The company won court approval for a reorganization plan that will eliminate more than $4 billion in debt and emerged from Chapter 11 in late September under new owners.
Its Chapter 11 filing came a few weeks before the shutdowns and stay-at-home orders. But the coronavirus finished what years of shrinking sales and spiraling losses started.
The discount department store ceased e-commerce and commenced going-out-of-business sales at all its approximately 280 stores after filing for Chapter 11 bankruptcy.
The menswear conglomerate sought Chapter 11 protection two weeks after Aug. 2, announcing plans to reduce its corporate workforce by 20 percent and to close up to 500 of its 1,450 stores. It plans to continue operating while undergoing a restructuring aimed at cutting its debt by at least $630 million.
During the coronavirus, eCommerce seems to be in a pretty good spot. Shoppers that can’t go outside turn instead to online shopping.
Shopify -Platform for online stores and retail point-of-sale systems.
Wix – Software company, providing cloud-based web development services. It allows users to create HTML5 websites and mobile sites through the use of online drag and drop tools.
With the surge of online shoppers, it is difficult to expect the impact of the pandemic on online sales growth. Everything depends on the function, shopper behavior, and how much longer safety measures are being observed.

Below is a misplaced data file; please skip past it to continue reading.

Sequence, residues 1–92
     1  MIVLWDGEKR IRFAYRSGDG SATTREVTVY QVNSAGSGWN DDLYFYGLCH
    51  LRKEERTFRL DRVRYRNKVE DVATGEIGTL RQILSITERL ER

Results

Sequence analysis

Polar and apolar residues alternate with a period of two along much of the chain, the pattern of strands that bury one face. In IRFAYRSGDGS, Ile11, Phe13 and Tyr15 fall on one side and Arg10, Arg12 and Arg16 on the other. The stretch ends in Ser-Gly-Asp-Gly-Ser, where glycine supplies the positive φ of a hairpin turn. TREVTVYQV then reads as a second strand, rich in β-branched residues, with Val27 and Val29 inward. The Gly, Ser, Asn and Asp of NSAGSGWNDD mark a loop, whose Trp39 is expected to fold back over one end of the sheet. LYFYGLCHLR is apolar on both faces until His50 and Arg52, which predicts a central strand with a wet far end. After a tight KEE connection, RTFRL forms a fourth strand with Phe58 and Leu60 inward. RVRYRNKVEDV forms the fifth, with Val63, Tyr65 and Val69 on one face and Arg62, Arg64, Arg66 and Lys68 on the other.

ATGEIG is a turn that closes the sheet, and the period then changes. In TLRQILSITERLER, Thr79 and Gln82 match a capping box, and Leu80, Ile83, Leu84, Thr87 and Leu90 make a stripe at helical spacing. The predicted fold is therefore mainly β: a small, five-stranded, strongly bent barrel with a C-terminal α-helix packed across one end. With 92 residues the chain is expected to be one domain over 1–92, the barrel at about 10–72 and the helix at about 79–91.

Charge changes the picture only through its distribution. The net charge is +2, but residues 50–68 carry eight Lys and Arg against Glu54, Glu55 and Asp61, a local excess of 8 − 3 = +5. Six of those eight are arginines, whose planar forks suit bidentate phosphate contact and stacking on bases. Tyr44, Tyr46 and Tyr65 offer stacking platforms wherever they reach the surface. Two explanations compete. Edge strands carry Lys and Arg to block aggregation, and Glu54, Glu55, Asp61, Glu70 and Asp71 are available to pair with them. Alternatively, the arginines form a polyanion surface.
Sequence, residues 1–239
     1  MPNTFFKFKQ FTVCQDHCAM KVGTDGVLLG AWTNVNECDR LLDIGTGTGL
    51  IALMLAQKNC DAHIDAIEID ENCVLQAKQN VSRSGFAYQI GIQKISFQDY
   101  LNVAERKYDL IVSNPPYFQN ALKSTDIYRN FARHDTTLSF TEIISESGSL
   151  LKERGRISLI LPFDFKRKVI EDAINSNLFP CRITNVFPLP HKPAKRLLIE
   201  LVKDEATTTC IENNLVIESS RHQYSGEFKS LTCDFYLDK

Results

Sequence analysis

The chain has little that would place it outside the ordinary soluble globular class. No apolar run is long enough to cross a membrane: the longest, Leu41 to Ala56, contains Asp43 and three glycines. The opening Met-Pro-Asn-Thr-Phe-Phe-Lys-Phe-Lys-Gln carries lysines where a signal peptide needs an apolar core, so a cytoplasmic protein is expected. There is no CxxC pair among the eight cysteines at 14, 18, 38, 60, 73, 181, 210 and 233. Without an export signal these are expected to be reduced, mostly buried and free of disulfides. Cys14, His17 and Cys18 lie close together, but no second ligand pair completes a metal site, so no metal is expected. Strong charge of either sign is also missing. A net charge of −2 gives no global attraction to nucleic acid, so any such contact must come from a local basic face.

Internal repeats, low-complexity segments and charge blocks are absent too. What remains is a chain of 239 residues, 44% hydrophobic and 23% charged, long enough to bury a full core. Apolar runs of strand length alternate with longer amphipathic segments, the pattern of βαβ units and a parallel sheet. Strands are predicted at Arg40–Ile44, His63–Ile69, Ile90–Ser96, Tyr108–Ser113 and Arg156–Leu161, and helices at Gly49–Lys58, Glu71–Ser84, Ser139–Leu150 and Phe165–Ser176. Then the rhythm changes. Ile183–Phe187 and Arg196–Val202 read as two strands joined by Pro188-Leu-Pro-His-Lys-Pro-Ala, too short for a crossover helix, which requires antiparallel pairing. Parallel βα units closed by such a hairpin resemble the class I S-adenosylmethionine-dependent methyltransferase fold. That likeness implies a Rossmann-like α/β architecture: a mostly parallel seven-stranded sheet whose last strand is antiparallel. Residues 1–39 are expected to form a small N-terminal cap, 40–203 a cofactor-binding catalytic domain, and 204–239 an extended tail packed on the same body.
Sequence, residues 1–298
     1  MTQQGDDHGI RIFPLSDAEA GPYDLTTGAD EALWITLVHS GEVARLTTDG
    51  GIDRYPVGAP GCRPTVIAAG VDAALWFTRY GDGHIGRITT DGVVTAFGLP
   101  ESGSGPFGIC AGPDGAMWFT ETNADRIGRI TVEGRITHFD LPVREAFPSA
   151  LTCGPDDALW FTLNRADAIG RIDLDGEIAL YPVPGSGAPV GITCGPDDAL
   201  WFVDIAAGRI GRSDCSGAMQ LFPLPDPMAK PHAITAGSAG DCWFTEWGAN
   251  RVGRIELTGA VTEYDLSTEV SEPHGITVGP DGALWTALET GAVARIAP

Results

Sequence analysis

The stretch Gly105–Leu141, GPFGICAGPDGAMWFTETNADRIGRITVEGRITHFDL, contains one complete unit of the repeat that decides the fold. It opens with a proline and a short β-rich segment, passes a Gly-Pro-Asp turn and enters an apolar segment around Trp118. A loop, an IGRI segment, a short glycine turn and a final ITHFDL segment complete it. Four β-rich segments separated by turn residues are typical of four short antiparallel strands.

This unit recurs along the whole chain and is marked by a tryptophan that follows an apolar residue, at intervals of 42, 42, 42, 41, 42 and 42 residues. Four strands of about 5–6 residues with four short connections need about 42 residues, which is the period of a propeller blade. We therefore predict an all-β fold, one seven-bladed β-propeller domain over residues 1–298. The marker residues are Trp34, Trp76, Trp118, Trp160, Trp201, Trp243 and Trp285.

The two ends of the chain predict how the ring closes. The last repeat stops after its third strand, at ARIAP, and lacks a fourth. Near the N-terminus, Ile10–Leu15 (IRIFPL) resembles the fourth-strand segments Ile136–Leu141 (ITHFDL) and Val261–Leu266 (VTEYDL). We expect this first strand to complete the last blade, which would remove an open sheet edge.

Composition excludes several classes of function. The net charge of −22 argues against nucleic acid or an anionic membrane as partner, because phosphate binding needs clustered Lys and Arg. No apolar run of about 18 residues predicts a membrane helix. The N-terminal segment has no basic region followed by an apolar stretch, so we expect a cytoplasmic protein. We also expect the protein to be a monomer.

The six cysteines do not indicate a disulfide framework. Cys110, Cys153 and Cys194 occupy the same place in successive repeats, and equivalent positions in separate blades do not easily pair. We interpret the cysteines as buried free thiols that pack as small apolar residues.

Many eCommerce sellers have already added products that were not originally in their store to meet consumer demands. These range from hygiene products, medical supplies, various DIY, and self-care related products. Consumers find it a hassle with having to deal with crowds and lines. The frequent inventory shortages have also been an added frustration on physical groceries.
Online retail provides consumers with a convenient and contemporary solution to their purchasing needs. This makes physical stores look like something from a bygone era. Stores are being created to attract shoppers in the 20th century, while modern e-commerce is being designed to address the needs of the 21st-century consumer.
Customers are bring provided with unlimited product choices and information from online retailers. Consumers could also easily search and check out their needs.
Despite many physical stores struggling, their collapse may not be unavoidable. It is because e-commerce is helping small businesses survive by providing them with access to a global market. On the other hand, physical stores provide product assurance as customers may personally inspect before purchasing.
An online seller could build a physical store and their brand in the ‘real world’. With the traditional store set up, online retail gets to nurture the customer experience of both products and the retailer itself.
Should eCommerce have a Physical Store and Vice Versa?
The answer to this is, yes.
Both markets have a variety of consumers that they serve. Not everyone is comfortable with online purchasing. There are some who prefer that they personally find the products they need. Meanwhile, there is a growing generation that would rather add their items to a virtual cart as they read for reviews online.
There is a certain balance that each of the two brings. Hand in hand, the meeting of tradition and modern would always have more pros as compared to them acting as rivals.